A story about bodyguards being overworked for little pay by News.am aroused a simple solution in my mind: the bodyguards of oligarchs should unionize.
What’s more, they should be supported by civil society groups that want to improve the working conditions of workers in the country. This may sound facetious. Bodyguards, after all, are working for the same people some of these groups are trying to rein in (then again, so are thousands of others, but a factory worker isn’t as ominous as an oligarch’s bodyguard). But, I’m dead serious. Let me explain.
In order for unionization to be successful, the potential union workers have to wield some leverage over their employers. That is, if the workers quit en masse, it would cause great economic harm to the employer or would threaten something they hold dear. In the case of the oligarchs, I’m going to assume something they hold dear is their lives because, well, they have bodyguards, presumably to protect their bodies (from harm, that is).
So, the logic might go that the bodyguards have some leverage over the employer in convincing them that they’re worth keeping around. And it’s not like the bodyguards are working at the Wal-Mart of personal security services and can be replaced with part-time high school teenie boppers. These oligarchs have to trust these men with their lives, which is not something that happens during a weekend orientation on how to be a good bodyguard. Meaning they can’t just fire the ones they have. That would be like some idiot firing a bunch of trained killing machines and expecting there to be no negative backlash.
This is to say nothing of how befitting their huskiness and willingness to use strong-arm tactics are for union membership.
With these ideal circumstances for unionization in mind, civil society groups should look seriously at helping the bodyguards for a few reasons. First, unionizing the bodyguards has a higher likelihood for success than workers who are much more replaceable. Their skills (and body types) are less teachable than a cashier at a fast-food restaurant so they hold a higher value for their employers and thus have more leverage in any potential negotiations. In effect, unionizing bodyguards is low-hanging fruit compared with others who have less skills or who might be more scared of their employers.
Second, securing a victory in unionizing any group sends a clear message that employers need to take their employees’ welfare more seriously if they hope their enterprise to be sustainable. If unionizing the bodyguards achieves that goal, it’s well worth it. It also helps the civil society groups dangle the possibility of unionization when an employer doesn’t want to budge on improving working conditions.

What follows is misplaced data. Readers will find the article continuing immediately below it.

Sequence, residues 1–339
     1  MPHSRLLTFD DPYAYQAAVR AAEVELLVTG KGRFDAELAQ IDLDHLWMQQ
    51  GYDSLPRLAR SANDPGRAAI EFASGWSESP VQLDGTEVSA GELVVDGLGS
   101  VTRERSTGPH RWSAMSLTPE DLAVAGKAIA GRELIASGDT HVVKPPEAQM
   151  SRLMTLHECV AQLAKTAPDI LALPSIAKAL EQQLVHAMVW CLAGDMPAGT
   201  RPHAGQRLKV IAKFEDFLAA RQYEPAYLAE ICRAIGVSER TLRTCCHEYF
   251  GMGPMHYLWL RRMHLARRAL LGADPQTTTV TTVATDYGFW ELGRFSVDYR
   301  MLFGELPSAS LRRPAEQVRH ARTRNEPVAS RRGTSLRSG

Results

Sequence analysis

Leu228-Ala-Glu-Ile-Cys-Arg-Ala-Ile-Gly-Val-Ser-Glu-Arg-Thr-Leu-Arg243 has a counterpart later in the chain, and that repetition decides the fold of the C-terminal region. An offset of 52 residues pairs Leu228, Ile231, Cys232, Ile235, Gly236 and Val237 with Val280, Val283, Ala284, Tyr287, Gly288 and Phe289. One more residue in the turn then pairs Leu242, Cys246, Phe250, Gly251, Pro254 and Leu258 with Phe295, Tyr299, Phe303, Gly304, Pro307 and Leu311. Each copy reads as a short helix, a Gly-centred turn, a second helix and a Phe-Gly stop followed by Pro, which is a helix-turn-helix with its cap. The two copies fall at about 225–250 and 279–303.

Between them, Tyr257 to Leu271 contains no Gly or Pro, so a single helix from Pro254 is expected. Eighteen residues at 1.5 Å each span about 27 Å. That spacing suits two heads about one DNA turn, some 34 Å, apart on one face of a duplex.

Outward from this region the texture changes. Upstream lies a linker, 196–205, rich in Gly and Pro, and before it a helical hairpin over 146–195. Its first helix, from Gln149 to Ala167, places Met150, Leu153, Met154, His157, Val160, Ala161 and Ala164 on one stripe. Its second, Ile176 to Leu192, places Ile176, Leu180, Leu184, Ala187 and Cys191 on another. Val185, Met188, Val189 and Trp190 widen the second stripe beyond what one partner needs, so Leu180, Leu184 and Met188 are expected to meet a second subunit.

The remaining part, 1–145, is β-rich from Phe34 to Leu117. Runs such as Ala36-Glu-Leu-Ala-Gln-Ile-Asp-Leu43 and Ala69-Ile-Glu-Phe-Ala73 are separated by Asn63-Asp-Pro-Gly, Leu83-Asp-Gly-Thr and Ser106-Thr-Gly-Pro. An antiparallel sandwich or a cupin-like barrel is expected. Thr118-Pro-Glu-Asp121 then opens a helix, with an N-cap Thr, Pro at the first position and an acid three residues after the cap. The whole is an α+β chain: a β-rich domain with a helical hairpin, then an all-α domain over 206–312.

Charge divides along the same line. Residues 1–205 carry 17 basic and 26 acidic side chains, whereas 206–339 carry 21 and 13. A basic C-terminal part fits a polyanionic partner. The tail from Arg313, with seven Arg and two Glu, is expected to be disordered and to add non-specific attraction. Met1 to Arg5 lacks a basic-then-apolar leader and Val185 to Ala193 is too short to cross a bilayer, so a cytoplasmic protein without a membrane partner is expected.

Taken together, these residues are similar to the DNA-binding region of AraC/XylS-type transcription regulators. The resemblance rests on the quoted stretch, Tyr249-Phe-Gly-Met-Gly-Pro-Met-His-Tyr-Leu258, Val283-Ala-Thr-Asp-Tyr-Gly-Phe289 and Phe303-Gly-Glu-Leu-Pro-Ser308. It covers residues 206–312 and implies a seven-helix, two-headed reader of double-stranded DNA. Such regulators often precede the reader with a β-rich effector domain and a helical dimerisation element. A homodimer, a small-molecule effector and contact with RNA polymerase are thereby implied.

Finally, the victory would have the greatest impact on employees throughout other industries who will realize their worth in the jobs they are doing. And, if they happen to not be getting the pay they think they deserve, they can see unionization as an option, facilitating the work of civil society groups trying to help employees. That’s because employees in these other industries will have realized that they can, indeed, help themselves, and can look to the civil society groups for direction.
Of course, this does not mean that the oligarchs are going to welcome the idea with open arms. Actually, in all likelihood, they won’t take very kindly to the bodyguards in their employ being so ungrateful for being allowed to work 24 hours a day for scraps as opposed to the 0 hours a day they would be working without them. It is still unclear what gives employers almost everywhere delusions that they are Jesus and Robin Hood combined but it’s a reality employees everywhere have to address.
To be sure, unionization is not always a peaceful endeavor and has often led to crazy violence. But I guess when you never see your family, barely have enough money for food or rent, and are treated like an indentured servant, the prospect of violence is less scary than if you’re working for Google.
And, look, when I say they’re going to realize it’s unsustainable, I mean it. Whether it happens through unionization or emigration or whatever, employers have to learn that not paying your workers is bad for business. So far, it’s been easier to skip scrutiny because the argument has been that at least they are providing jobs when there haven’t been many to go around. That only works for so long.
People eventually realize the difference between good and bad, mutual benefit and exploitation. Unionization happens to be an organized way of ensuring that the trend is toward mutual benefit and not exploitation.
That said, unions are not the solution to everything. I have an ambivalent relationship with them because I believe they can be of great use in situations where workers are being exploited. They can also become cesspools of corruption like any powerful group.
That should, however, not be a deterrent. Any good idea can be soiled with bad intentions but with the right people and the right foundations, it can also be a great boon to society.
Solutions to problems often come from unlikely places. This may be an example of one such unlikely source for progress that can have resounding effects throughout the workforce of Armenia.
And, political parties, I know it’s not election season (so, yawn, right?), but maybe something to work on.
Well paid employees are good for their employers and good for Armenia.
By: William Bairamian